Tolga Kurtoglu, who heads PARC's Integrated System Lab, specializes in the design, development, theory and methodology of complex systems and applied intelligence for engineering design automation and optimization. His research spans the areas of development of prognostic and health management technologies, model-based systems engineering, automated reasoning, knowledge and information management and risk and reliability-based design.
Prior to joining PARC, Tolga led several research projects at NASA’s Ames Research Center where he developed computational tools for designing, analyzing and operating complex human-machine systems with the goal of preventing fault events and minimizing their effects throughout system lifecycle. He also has worked as the systems engineer lead at Dell Corporation where he managed the mechanical development of various high-end server products.
Tolga received his Ph.D. from the University of Texas at Austin and an M.S. from Carnegie Mellon University -- both in Mechanical Engineering. He has published over 50 peer-reviewed articles and papers in leading journals and conferences in his field, and regularly serves in organizational leadership roles for the ASME, AIAA, AAAI, Design Society, and Prognostics and Health Management Society professional communities. Tolga received the IEEE Best Professional Paper Award at the Prognostics and Health Management Conference (2008), NASA Ames Technical Excellence Award (2009), and Best Design Award in “Dexterous Robot Hand” Design Competition (1999).
“The USFOE symposium is the perfect network for these talented, early-career engineers to develop those personal and professional relationships that will shape their work and ultimately impact our world,” said NAE President C. D. Mote, Jr.Indo-American Frontier of Engineering Symposium taps Xerox researcher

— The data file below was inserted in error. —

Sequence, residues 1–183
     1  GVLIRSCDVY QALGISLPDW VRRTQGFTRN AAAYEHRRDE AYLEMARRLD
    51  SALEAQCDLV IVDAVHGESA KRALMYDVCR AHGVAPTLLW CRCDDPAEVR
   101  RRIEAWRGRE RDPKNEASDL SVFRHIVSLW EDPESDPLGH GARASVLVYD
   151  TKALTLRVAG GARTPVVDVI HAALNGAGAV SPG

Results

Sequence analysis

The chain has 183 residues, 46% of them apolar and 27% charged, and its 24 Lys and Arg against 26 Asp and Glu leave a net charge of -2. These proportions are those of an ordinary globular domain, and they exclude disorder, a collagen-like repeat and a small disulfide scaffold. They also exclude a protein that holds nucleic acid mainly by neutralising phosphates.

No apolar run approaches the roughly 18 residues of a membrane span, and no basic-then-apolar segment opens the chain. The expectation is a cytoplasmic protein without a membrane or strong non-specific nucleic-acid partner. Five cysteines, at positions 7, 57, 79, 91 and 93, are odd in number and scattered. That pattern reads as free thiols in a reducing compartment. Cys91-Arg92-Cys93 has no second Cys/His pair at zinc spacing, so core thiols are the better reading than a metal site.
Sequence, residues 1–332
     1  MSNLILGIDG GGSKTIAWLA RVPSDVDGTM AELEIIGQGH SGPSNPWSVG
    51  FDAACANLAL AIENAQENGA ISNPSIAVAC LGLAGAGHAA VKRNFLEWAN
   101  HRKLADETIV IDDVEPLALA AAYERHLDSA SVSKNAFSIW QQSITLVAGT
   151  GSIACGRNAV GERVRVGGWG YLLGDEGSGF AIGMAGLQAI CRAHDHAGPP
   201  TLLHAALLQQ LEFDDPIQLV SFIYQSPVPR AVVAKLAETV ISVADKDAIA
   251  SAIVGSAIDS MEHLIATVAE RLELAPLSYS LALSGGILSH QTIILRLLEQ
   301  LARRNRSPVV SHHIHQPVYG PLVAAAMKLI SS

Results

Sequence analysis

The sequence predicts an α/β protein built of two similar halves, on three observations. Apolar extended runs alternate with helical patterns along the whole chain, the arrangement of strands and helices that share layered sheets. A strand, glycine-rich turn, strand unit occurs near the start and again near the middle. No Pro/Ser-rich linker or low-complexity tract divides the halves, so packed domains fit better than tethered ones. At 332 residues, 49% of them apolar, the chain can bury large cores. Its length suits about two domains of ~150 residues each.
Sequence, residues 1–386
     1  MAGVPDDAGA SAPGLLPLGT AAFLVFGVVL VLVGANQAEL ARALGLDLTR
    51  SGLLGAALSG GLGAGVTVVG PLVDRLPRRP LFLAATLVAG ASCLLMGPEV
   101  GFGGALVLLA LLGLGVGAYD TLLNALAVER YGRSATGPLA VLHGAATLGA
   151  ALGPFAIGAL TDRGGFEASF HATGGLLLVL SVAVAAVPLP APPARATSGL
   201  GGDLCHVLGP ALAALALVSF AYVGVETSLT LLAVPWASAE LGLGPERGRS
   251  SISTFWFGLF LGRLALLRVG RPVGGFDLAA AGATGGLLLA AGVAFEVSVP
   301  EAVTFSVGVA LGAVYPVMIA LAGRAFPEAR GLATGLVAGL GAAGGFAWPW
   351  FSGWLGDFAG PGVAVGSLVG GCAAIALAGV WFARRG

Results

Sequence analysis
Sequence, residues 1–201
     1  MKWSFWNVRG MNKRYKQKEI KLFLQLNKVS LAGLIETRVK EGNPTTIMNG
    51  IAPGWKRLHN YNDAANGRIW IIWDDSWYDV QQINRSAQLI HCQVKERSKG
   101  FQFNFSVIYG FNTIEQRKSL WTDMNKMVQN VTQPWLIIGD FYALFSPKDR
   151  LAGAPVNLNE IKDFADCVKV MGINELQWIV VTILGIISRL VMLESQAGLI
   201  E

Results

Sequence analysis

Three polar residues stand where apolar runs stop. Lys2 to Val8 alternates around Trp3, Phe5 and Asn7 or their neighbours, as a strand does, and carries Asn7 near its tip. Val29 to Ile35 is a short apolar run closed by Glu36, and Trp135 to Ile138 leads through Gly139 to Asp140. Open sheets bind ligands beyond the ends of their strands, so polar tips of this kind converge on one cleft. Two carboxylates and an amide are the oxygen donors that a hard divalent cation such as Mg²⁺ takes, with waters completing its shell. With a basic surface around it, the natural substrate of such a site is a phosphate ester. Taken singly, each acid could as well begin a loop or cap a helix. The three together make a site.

In May, another Xerox researcher, Vladimir Kozitsky, attended a similar program in Mysore, India held by the NAE for 60 young engineers. The Indo-American Frontiers of Engineering held May 19-21 focused on a number of topics including biomaterials, water resource management in the face of climate change and Big Data.
Vladimir joined Xerox at its research center in Webster, NY in June of 2004 after receiving a Master in Science in Electrical and Computer Engineering from Cornell University. Earlier this year he completed a second Master of Science in Computer Science from the University of Rochester. Recently Vladimir has been working on computer vision and machine learning problems for transportation applications. He leads a project that is developing the Xerox license plate recognition (XLPR) engine. Vladimir holds 11 U.S. patents. While at Xerox Vladimir has worked on novel sensing methods for in-situ measurement of key marking parameters and diagnostic methods for marking systems.
About the National Academy of Engineering
The mission of NAE is to advance the well being of the nation by promoting a vibrant engineering profession and by marshalling the expertise and insights of eminent engineers to provide independent advice to the federal government on matters involving engineering and technology. The NAE is part of the National Academies (along with the National Academy of Sciences, the Institute of Medicine, and the National Research Council), an independent, nonprofit organization chartered by Congress to provide objective analysis and advice to the nation on matters of science and technology. More details about the event can be found on their website